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Where To Exchange Coins For Cash


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Most standard piggy banks can hold hundreds of dollars in loose change, and that’s not to mention the jars, jugs and other repurposed objects preferred in some homes for storing pennies and dimes.

If you have a stuffed piggy bank sitting at home collecting dust, learn where you can exchange coins for cash and how to get started.

Where Can I Exchange Coins for Cash?

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Many places allow you to exchange coins for cash, including financial institutions and some retail locations you might already be visiting. Consider the pros and cons of each option.

  • Banks and credit unions. You can exchange coins for cash at most credit unions and banks, but some may charge a small fee for this service. Some financial institutions provide coin-sorting machines for self-service exchanges, and others require you to work with a teller. You might want to call a branch before walking in with a bag of change to ensure someone has time to help you. You can also deposit coins into a bank account at a branch, but you’ll need to put them into rolls yourself. Many banks and credit unions offer free coin wrappers.
  • Coinstar. Coinstar machines are automated kiosks that let you exchange your coins for cash or digital gift cards. You can find these machines near the front of the store at major retailers like Target, Kroger, CVS and Walmart. Fees vary by location, but you may pay up to a 12.5% service fee, calculated as a percentage of the transaction, and a 50-cent transaction fee to exchange coins for cash at Coinstar. So if you put $100 worth of loose change into the machine, you’d receive $87.50 back. The machine will give you a voucher after it’s done counting, and you can take this to the checkout or customer service to redeem it for cash.
  • Grocery stores. Grocery stores and supermarkets often have coin-counting machines anyone can use. These may be Coinstar kiosks, kiosks belonging to another brand or even store-owned kiosks. For example, supermarket chain Publix has its own coin sorters near the front of every store. Fees apply but may be lower than Coinstar’s. Generally, you can cash receipts from coin sorters right at the grocery store.

Where Can I Exchange My Coins for Cash for Free?

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If you’re looking for a place to exchange your coins for free, consider these options.

  • Big banks. Many big banks such as Chase, Wells Fargo and Bank of America will take rolled coins. For example, Chase Bank accepts coins at every branch nationwide and will exchange them for cash. The bank’s policy requires all coins to be wrapped in paper rolls for exchange and does not charge customers for this service. However, fees may apply for noncustomers.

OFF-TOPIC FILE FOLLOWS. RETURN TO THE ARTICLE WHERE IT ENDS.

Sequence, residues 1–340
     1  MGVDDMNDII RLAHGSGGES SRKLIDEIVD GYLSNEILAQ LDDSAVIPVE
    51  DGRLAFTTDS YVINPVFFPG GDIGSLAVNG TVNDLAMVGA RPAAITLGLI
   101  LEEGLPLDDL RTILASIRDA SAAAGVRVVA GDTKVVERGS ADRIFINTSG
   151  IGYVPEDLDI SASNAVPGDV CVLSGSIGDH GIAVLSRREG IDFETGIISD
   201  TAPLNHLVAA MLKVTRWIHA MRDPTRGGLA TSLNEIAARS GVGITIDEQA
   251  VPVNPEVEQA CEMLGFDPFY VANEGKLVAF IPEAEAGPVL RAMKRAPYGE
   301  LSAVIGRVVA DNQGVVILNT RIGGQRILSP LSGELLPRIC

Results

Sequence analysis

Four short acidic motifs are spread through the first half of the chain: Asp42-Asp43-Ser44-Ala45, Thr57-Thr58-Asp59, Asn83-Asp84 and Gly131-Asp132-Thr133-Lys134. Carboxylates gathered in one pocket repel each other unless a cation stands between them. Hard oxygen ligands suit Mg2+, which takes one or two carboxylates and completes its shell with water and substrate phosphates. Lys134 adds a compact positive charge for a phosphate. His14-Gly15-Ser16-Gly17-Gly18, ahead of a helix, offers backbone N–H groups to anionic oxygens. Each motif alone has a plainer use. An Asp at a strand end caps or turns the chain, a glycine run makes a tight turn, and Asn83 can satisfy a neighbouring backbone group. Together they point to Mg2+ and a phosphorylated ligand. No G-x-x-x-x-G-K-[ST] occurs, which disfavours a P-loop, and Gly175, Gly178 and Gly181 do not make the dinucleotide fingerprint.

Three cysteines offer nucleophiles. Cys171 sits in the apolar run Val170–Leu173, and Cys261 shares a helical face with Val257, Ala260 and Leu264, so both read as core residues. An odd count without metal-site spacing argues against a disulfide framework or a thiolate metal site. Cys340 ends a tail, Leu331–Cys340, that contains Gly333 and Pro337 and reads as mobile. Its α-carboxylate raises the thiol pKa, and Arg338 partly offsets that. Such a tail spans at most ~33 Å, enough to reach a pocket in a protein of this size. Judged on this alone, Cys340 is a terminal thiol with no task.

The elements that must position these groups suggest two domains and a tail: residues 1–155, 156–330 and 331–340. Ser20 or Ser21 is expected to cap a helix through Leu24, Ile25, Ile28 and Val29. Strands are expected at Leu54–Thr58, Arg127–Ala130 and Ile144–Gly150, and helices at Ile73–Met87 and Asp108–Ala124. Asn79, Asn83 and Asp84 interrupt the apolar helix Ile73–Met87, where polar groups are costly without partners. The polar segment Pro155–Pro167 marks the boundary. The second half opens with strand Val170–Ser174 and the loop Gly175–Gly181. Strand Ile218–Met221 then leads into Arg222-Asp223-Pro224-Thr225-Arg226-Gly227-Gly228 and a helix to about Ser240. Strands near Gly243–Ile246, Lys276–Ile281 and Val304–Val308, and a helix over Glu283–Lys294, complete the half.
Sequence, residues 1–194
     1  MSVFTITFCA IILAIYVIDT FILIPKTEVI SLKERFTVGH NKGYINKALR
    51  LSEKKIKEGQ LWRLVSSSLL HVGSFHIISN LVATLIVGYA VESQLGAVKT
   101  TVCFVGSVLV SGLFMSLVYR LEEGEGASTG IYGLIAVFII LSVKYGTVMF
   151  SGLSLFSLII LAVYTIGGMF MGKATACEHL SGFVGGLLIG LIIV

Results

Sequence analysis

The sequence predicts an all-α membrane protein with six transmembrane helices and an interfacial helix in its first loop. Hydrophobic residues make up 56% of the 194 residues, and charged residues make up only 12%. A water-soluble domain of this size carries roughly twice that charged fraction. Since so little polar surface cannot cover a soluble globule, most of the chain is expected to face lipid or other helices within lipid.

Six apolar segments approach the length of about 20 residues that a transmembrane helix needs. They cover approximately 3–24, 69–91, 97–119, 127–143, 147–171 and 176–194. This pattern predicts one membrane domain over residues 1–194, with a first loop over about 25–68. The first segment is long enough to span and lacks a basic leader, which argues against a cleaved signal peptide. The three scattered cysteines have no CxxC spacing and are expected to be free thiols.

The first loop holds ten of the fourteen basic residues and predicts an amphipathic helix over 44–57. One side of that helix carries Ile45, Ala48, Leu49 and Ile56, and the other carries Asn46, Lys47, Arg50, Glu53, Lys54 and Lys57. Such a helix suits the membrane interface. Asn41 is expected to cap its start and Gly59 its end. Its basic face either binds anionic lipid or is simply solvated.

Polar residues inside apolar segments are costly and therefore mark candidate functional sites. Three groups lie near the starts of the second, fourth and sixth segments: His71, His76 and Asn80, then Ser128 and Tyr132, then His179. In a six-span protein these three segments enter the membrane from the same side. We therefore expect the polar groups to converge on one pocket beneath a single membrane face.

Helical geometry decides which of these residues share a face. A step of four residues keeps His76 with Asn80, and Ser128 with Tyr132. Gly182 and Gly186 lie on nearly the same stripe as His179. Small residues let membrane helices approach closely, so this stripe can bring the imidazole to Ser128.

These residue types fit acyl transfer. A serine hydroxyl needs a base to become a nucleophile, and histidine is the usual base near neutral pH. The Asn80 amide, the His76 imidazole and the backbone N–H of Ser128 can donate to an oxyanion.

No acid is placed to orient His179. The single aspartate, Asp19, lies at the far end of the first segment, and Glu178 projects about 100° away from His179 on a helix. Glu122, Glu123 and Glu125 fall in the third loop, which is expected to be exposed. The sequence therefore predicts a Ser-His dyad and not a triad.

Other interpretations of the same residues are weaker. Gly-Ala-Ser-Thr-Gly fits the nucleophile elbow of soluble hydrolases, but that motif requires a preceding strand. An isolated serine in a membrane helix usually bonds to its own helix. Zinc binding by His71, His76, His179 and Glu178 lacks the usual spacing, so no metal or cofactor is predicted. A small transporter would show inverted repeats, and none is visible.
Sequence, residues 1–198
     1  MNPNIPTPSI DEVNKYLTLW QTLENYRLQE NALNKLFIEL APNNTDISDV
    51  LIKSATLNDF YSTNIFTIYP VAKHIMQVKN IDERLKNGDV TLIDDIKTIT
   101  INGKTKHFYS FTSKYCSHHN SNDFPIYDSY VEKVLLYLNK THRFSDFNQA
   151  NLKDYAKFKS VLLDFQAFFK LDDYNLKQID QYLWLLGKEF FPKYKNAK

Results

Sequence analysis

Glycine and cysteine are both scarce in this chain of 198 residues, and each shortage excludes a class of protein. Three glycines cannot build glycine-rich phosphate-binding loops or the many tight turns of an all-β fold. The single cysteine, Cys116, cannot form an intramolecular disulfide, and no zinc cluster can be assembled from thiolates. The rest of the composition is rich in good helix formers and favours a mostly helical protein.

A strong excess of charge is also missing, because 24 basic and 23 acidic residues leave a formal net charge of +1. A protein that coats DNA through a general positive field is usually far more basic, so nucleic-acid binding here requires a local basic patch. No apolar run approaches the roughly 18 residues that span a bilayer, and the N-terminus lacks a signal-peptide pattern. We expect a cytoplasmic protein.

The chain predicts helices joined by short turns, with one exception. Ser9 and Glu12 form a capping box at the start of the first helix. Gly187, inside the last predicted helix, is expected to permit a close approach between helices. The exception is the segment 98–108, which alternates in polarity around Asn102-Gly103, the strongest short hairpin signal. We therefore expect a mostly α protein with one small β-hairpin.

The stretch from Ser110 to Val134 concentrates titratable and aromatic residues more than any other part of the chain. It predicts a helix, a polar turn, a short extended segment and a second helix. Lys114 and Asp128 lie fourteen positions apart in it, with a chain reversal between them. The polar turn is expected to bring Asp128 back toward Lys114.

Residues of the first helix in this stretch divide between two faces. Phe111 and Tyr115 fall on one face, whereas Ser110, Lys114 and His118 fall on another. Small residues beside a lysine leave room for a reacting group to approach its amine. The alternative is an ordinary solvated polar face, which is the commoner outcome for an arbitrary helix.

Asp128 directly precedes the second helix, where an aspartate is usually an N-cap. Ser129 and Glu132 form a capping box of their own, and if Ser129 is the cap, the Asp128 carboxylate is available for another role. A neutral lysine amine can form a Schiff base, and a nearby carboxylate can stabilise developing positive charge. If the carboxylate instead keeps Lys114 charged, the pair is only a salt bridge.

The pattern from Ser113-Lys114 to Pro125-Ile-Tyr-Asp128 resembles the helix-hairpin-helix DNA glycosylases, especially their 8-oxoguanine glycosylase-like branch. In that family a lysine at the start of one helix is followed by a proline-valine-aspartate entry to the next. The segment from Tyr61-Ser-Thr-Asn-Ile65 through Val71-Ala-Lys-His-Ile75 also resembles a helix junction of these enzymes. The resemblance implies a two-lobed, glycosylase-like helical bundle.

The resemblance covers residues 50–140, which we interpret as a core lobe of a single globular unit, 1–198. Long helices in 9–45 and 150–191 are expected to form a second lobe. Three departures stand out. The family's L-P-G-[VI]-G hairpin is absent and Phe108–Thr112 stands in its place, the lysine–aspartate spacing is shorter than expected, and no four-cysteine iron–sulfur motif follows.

• Credit unions. Credit unions are generally known for customer service, and many offer members and nonmembers exchange services and access to coin-counting machines. Exchanging your coins at a credit union may be free, but this depends on the institution.

For the best chance of avoiding fees when exchanging coins for cash, visit your own bank or credit union and make an appointment to save time.

How To Exchange Coins for Cash

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While certain credit unions and banks still have coin-counting machines, many banks don’t offer them anymore and will require your coins to be rolled before accepting them.

If you haven’t already, group your change into separate piles of pennies, nickels, dimes and quarters. Once you’ve sorted your coins, insert them into the corresponding coin wrappers.

Here are the denominations for each type of coin:

  • 50 pennies per roll or 50 cents
  • 40 nickels per roll or $2
  • 50 dimes per roll or $5
  • 40 quarters per roll or $10

When you’re done rolling, calculate how much money you have and bring the coin rolls to your bank or credit union to deposit into your account or exchange for cash.

Getting cash for your coins at a coin-counting machine is more straightforward. Simply pour the change into the machine and let the kiosk tally your total. Then, redeem your receipt for cash as directed.

Alternatives To Exchanging Coins

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If you want to avoid fees or the hassle of rolling your coins, consider these other ways to make use of your loose change.

  • Donate to charity. If you want to support a good cause, Coinstar gives you the option to donate a portion or all of your change after counting. Choose from charities like the American Red Cross, United Way, Feeding America, the World Wildlife Fund and more.
  • Use the coins. Save your coins for situations where exact change is needed, such as parking meters or vending machines.
  • Give them to a parent or teacher. Many parents and elementary school teachers teach coin-counting or use coins for math lessons and could benefit from having real coins to practice with. Ask around to see if anyone you know might take the coins off your hands.

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